## Ii Notation

The following notation is used throughout the paper. The symbol “” denotes definitions, “h. c.” denotes “Hermitian conjugate,” and “c. c.” denotes “complex conjugate.” Unless indicated otherwise, we use natural units so that the speed of light and the Plank constant equal unity (). The identity matrix is denoted by . The Minkowski metric is adopted with signature . Greek indices span from to and refer to spacetime coordinates with corresponding to the time variable . Also, and . Latin indices span from to and denote the spatial variables, i.e., and . Summation over repeated indexes is assumed. In particular, for arbitrary four-vectors and , we have and . The Feynman slash notation is used: , where are the Dirac matrices (see below). The average of an arbitary complex-valued function with respect to a phase is denoted by . In Euler-Lagrange equations (ELEs), the notation “” means that the corresponding equation is obtained by extremizing the action integral with respect to .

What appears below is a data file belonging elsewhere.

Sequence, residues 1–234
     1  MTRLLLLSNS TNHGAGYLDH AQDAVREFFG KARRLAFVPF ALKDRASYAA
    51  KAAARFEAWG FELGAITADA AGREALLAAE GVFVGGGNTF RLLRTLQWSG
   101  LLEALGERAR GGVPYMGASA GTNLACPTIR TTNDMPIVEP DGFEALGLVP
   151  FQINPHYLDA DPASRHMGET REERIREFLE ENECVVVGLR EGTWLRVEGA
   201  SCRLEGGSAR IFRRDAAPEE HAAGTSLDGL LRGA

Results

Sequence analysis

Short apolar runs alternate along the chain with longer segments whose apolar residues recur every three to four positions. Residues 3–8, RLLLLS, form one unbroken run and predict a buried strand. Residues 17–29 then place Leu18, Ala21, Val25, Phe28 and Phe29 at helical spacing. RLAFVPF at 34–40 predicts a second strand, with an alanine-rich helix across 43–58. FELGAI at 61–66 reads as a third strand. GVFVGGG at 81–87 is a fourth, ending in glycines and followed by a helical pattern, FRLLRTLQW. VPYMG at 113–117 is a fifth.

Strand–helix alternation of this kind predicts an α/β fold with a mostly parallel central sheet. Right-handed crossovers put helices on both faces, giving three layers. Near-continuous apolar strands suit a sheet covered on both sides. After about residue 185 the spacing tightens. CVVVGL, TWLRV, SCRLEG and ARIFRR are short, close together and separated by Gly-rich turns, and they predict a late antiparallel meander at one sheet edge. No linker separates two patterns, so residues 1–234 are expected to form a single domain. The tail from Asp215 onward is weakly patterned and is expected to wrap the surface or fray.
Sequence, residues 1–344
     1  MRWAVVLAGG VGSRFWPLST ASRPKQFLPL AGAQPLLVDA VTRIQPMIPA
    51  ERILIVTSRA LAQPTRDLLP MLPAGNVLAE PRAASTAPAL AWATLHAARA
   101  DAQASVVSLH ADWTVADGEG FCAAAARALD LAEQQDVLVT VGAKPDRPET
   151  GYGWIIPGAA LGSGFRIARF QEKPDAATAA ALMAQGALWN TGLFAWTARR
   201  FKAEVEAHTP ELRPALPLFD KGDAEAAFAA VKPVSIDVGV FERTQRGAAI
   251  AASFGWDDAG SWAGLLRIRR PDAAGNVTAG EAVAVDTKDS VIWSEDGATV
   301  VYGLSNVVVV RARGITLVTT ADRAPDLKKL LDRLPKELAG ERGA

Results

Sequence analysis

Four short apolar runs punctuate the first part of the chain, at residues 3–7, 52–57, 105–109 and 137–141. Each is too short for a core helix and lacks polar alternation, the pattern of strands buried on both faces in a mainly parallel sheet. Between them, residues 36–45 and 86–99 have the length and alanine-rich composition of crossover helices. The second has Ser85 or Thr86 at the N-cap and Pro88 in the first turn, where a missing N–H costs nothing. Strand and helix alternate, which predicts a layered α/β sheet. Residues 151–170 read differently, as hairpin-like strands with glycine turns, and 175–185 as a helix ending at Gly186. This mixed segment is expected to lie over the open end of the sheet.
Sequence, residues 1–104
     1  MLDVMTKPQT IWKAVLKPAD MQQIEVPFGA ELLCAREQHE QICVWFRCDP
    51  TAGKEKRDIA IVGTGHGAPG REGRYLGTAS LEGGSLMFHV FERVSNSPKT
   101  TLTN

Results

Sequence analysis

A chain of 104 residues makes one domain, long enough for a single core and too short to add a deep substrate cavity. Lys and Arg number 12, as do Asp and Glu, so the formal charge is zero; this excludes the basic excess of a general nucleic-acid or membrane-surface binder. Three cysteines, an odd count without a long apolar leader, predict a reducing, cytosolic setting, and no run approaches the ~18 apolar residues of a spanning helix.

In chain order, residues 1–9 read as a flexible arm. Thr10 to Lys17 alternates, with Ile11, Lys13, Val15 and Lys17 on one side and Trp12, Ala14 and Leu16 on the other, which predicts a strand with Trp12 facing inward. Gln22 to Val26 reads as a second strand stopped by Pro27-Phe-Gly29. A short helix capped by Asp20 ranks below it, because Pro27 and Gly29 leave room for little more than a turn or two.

## Iii Basic Formalism

As for any quantum particle or non-dissipative wave [30], the dynamics of a Dirac electron [24] is governed by the least action principle , where is the action

(1) |

and is the Lagrangian density given by [31]

(2) |

Here and are the particle charge and mass, is a complex four-component wave function, and is its Dirac conjugate. The Dirac matrices satisfy

(3) |

where is the Minkowski metric tensor. Hence,

(4) | |||

(5) |

for any pair of four-vectors and . In this work, the standard representation of the Dirac matrices is used:

(6) |

where are the Pauli matrices. Note that these matrices satisfy

(7) |

We consider the interaction of an electron with an EM field such that the four-vector potential has the form

(8) |

Here describes a background field (if any) that is slow, as determined by a small dimensionless parameter , which is yet to be specified. The other part of the vector potential,

(9) |